Fighters Torn on Kids Following Footsteps

By Mike Harris May 27, 2009
While many doctors, lawyers and Wall Street investment bankers -- at least those not in jail or being investigated by Congress -- would likely encourage their children to follow in their footsteps, what about mixed martial arts parents?

After all, the life of a fighter is a harsh one. The top of the top make money that rivals, surpasses even, what the above-mentioned white collar professionals bring home, but most cage fighters live modest paycheck by modest paycheck with little or no job security.

Then there is the physical price. Could MMA parents stand to see their kids get the snot beat out of them, knocked unconscious, suffer injuries and, worst of all, develop cauliflower ear?

Former Icon Sport middleweight champion Frank Trigg, the father of two sons and one daughter, says he would not want his kids following in his footsteps simply because they would forever be compared to him.

“My son, we had this conversation, he said he wanted to be a fighter; I told him to go play tennis,” Trigg says. “Don’t follow in your father’s footsteps. Go do something else. Be better than your father, but do it in your own right. Follow your own path.”

Trigg noted that Ken Norton Jr. could have been a great boxer like his father, but because he wanted to be his own man, chose instead to play football. Norton won three Super Bowls with the Dallas Cowboys and San Francisco 49ers.

Dave Mandel/Sherdog.com

Trigg does not want his kids
following in his footsteps.
“How many NASCAR drivers do you know whose kids are NASCAR drivers?” Trigg asks. “How many drag racing drivers [are there] whose kids are drag racing drivers? There are very few. Now if the kid really has a passion for it and they really want to be an MMA fighter, that’s cool. But are they going to be any good at it? Genetically, they should be, but who knows?”

Pioneering female MMA fighter Debi Purcell does not have any kids of her own, but the 14-year-old son of her fiancé, Brazilian jiu-jitsu world champion Ronald Assumpcao, is for all intents and purposes her stepson. Having grown up around jiu-jitsu his whole life, the teen-ager has naturally expressed an interest in becoming a professional fighter, according to Purcell.

“He’s been training since he was 5,” she says. “It’s funny because he told me he wants to be a fighter because he just wants to relax all day and then train. And I said, ‘It’s not like that.’ So he doesn’t fully understand what it’s really about.”

Purcell believes the teen’s misunderstanding may come from “jiu-jitsu being an easier -- not an easier sport, but it’s different than professional fighting.”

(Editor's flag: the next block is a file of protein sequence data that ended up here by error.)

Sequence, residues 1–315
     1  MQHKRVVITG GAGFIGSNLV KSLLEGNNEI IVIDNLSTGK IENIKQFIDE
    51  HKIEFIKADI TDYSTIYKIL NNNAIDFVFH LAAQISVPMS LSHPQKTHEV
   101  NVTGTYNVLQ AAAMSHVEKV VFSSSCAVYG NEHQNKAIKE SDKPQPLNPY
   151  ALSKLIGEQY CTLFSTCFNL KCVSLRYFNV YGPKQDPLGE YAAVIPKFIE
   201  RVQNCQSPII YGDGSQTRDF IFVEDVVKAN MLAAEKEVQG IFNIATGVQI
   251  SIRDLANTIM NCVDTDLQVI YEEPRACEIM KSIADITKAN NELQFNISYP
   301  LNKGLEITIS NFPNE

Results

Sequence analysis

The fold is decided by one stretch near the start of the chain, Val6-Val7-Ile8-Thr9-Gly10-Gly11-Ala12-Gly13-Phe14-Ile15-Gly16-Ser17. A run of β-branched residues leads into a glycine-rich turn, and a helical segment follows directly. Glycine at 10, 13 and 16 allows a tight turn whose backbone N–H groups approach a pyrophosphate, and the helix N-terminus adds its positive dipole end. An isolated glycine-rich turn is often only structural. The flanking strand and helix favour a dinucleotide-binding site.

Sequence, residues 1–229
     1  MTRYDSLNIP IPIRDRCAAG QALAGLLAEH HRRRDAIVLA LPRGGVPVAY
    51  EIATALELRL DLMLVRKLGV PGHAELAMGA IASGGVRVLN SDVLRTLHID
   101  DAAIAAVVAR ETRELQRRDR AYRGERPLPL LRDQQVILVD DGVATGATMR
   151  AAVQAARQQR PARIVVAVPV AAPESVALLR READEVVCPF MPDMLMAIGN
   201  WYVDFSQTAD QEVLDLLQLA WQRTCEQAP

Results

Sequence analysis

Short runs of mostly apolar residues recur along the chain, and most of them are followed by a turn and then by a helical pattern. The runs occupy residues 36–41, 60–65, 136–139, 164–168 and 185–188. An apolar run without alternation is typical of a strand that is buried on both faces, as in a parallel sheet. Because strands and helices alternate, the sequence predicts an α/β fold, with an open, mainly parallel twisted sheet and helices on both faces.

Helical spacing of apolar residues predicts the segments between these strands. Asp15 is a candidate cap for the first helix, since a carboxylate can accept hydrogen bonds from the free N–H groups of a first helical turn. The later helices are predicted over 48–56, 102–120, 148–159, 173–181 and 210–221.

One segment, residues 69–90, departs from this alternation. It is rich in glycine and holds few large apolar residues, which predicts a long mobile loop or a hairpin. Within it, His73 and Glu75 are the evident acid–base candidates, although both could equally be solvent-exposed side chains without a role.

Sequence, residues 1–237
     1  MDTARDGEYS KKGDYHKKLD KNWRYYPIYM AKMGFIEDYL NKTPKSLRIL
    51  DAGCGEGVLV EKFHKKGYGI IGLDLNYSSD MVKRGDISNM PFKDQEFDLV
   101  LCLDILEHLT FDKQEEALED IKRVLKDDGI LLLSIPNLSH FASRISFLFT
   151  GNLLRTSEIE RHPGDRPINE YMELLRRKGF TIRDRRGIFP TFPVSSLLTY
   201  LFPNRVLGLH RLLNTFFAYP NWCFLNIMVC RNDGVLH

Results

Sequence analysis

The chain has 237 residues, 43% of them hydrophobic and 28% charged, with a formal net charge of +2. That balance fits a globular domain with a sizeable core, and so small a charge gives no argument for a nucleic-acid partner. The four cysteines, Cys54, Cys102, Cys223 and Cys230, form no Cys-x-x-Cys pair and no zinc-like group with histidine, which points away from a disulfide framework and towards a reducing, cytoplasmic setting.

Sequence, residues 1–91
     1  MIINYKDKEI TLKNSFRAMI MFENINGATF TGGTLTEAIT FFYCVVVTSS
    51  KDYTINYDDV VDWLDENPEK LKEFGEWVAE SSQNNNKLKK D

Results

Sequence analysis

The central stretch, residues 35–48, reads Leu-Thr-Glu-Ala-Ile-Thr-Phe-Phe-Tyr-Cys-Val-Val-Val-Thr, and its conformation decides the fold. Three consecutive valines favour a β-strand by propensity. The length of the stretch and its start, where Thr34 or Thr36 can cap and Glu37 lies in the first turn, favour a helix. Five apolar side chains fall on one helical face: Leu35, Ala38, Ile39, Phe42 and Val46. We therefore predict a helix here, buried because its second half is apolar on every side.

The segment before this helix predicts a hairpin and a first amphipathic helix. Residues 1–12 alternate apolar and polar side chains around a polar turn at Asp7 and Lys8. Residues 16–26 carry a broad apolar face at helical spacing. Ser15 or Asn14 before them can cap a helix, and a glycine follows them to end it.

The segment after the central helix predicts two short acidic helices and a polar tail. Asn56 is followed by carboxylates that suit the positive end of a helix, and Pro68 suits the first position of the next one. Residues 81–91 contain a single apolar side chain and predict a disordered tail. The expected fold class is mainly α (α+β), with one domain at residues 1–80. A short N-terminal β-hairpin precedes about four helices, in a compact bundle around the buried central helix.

Purcell concedes that if the boy seriously wants to pursue fighting, she will support him, as long as he earns a college degree first and has something to fall back on if fighting does not pan out.

“I’m all for it, but I say it with reservations because I want him to have a realistic idea of what it actually entails,” she says. “It’s a lot of hard work. It’s not easy and fun. It’s a job. If you’re going to do it professionally, it has to be a job. You have to make a lot of sacrifices, and it’s a very selfish sport” that leaves one little time for much of anything or anyone else.

Middleweight Benji Radach does not have children but plans to father some one day. What if they want to follow his career path?

“I’d tell them to get ready for a big pile of crap,” Radach says, “because the majority of what you get from the sport is just a bunch of hardship.”

Radach is currently appealing what he considers an early stoppage of his last fight, a knockout loss to Scott Smith at a Strikeforce event in April.

I'd tell them to
get ready for a
big pile of crap.

-- Benji Radach on kids in MMA.

“On the flip side, all the things you gain from those hardships and trials and tribulations you can’t replace,” Radach says. “So I think I would definitely -- not push my kid into it -- but support them in everything they want to do. I wouldn’t be against it at all.”

Featherweight Jens Pulver says if his 5-month-old son one day asks him if he can become an MMA fighter like his father, he -- like Purcell -- will point to college.

“You graduate college, you can do whatever you want,” Pulver says. “That’s what my mom said to me, and I was trying to be an MMA fighter when it was stupid. It was legal in three states. I made $750 my first UFC. There was no fame.”

Pulver says he would insist his son get a college degree first, not only to have something on which to fall back but, just as importantly, to live away from home and get some real world experience. Only then will the boy be able to gauge if he really wants to become a fighter or if it’s just a passing fancy, Pulver says.

“You would think they would really start to figure it out then,” Pulver says. “As you are figuring out who you are for the next five years going to school, if you still want to train MMA while you’re getting your grades, for sure. You don’t have to listen to me. You’re over 18. You can do whatever you want.”

But long before college, Pulver says, he would “absolutely” let his son start training in the gym while still a child. That goes double, he says, for his 6-year-old daughter, for very personal yet pragmatic reasons.

“She has to train, at least in submissions,” Pulver says. “Because think about the rape position. What position is that? Oh, you’re in my guard. Think about the sport of jiu-jitsu. It’s supposed to be a weaker, smaller person fending off a bigger, stronger person, so, absolutely, my daughter has to train.”
<h2>Fight Finder</h2>
Around The Web